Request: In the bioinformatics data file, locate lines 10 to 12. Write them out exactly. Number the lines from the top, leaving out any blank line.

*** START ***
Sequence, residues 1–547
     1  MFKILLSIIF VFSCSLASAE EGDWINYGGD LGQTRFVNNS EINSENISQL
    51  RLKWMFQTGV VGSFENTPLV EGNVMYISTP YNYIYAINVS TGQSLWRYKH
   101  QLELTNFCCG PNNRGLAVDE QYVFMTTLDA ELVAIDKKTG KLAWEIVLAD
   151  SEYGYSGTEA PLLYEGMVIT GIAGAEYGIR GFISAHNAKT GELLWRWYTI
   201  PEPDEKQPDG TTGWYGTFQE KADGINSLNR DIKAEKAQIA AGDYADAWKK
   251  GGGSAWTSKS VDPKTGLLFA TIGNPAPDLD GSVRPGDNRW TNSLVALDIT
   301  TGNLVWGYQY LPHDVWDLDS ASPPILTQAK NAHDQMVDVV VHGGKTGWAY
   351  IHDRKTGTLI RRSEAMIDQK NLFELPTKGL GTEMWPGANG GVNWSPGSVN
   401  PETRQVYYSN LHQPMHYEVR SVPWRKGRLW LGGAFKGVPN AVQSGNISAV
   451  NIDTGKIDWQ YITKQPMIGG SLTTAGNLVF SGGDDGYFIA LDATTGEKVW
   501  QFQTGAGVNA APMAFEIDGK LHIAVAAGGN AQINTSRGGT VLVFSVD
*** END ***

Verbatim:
   401  PETRQVYYSN LHQPMHYEVR SVPWRKGRLW LGGAFKGVPN AVQSGNISAV
   451  NIDTGKIDWQ YITKQPMIGG SLTTAGNLVF SGGDDGYFIA LDATTGEKVW
   501  QFQTGAGVNA APMAFEIDGK LHIAVAAGGN AQINTSRGGT VLVFSVD